The drawing, or wall hanging, is itself also cut into 382 rectangular forms, to represent all of the holes drilled into the Juukan Shelters on the Brockman 4 mine site before the “Puutu Kunti Kurrama and Pinikura Traditional Owners were made aware of the planned blast on May 15.” Within the background, using length and order of these 382 pieces, is depicted a message in a modified version of Morse Code. When decoded it reads: “46,000 year old Juukan shelters destroyed for…iron ore”

As mentioned previously, this work will debut at the John Curtin Gallery at Curtin University for the Indian Ocean Triennial Australia – IOTA21 – in September 2021.

I am grateful to the Department of Local Government, Sport and Cultural Industries in Western Australia for their financial support of this project, and to the IOTA and John Curtin Gallery curatorial teams for their support of this work and my greater practice.

Upcoming talk

this picture is just me showing off. it gets worse…

Next Tuesday, the 24th of September, I’m going to be talking to some of y’all at the JMGA WA monthly meeting. If you’re not across it but you’re in the WA area (visitors welcome, just let me know and I’ll look out for you) you’re hereby invited to come hear and see what I’ve been up to over the last couple of years, jewel-wise.

It’s on at 7:30 pm@ WA Lapidary and Rock-hunting Club 
31/35 Gladstone Road, Rivervale WA 6103 

As for the photo, this was taken by Helen Aitken-Kuhnen (*clang* first name drop) at last weekend’s masterclass with these legends of jewellery in Australia. For the finished product of David Walker’s endeavours (as you might expect, he put us all to shame with his work ethic and the quality of his output), and to hear me spill the tea about another jewellery-legend that I lunched with this week (*hint* he’s over from Europe [just…] and been at #RadPav and The Jam in the last week) you’d better get in on time to claim a seat.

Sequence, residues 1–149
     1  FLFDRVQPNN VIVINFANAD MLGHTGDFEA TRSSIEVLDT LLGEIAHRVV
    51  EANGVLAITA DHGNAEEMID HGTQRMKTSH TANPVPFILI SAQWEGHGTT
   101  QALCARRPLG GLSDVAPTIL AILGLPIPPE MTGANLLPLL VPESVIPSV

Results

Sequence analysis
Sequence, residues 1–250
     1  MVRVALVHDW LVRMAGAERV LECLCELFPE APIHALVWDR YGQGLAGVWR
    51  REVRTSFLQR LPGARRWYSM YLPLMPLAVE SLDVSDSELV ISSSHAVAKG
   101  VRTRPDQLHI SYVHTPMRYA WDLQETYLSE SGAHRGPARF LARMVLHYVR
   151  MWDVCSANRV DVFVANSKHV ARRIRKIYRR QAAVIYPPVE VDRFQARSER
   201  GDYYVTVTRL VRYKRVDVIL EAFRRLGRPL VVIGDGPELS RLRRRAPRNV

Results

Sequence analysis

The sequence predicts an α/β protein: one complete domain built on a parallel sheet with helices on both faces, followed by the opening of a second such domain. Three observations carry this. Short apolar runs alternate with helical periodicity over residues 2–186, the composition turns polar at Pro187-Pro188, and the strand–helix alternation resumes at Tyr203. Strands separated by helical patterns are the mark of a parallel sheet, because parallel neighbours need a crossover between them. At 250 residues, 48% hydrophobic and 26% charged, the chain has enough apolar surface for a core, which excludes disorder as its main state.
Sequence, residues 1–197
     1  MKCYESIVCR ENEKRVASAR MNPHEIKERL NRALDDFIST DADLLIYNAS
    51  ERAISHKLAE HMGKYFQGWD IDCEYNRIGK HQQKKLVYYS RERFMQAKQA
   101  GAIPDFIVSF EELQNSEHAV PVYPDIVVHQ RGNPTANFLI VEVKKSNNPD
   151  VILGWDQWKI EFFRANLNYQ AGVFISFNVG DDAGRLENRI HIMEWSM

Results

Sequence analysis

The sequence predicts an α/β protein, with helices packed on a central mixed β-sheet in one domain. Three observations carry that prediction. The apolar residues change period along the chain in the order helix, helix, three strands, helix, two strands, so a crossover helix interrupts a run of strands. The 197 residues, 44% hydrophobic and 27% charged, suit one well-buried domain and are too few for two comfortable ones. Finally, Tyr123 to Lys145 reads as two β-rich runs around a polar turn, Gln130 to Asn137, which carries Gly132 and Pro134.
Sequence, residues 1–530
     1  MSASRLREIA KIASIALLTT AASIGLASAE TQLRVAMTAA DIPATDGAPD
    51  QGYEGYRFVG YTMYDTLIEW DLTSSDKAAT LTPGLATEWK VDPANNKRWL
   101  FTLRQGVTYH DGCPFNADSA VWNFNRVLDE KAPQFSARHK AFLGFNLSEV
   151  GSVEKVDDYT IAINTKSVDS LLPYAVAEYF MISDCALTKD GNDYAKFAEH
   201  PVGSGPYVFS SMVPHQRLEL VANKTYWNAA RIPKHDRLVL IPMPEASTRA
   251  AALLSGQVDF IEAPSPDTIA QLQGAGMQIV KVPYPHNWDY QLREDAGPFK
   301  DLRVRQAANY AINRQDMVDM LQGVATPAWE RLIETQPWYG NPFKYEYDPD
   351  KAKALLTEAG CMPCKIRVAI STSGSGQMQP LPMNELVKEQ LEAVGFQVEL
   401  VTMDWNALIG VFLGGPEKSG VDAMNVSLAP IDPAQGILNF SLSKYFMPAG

In all honesty, I could fill my time just talking about the last two weeks. BTW, does anyone know how much time I have??

Wanneroo Community Art Awards

As advertised last Friday was the opening of the City of Wanneroo Community Art Awards, and at the opening I was awarded the main prize in the Sculpture category!!

Me and the Wanneroo Mayor

If you’re in WA and want to see the show, head to 3 Rocca Way, Wanneroo from Monday to Saturday until the 14th of June, from 10am-4pm.

For those nowhere near, there’s a bunch of images of the night on their Facebook page (spot one of me and Coop that bucks the trend of us taking only awful photos together – well done that photographer, you may have broken the hex) or have a look at the virtual tour of the exhibition.
Or check out the list of the award winners here. (And a big hello to the person I met at the exhibition during the Welcome To Country hand-linking – now that I’ve seen that work I get you, and I’m on the same page 😉 )

East-side shows

The coasts with the mosts…

For those of you in Sydney head to Bridget Kennedy Project Space TONIGHT! for her year-end celebrations, and you can bag yourself a very rare ‘73’ pendant. They’re also available at Bilk in Canberra (and they have a few new pieces from me in their current ‘White Christmas’ show which opened last Saturday), at Bini in Melbourne and at Contemporary Craft in Pittsburgh.

The pendants commemorate the 73 lives lost to gun violence in the USA on 1.1.2017. 

The Perth things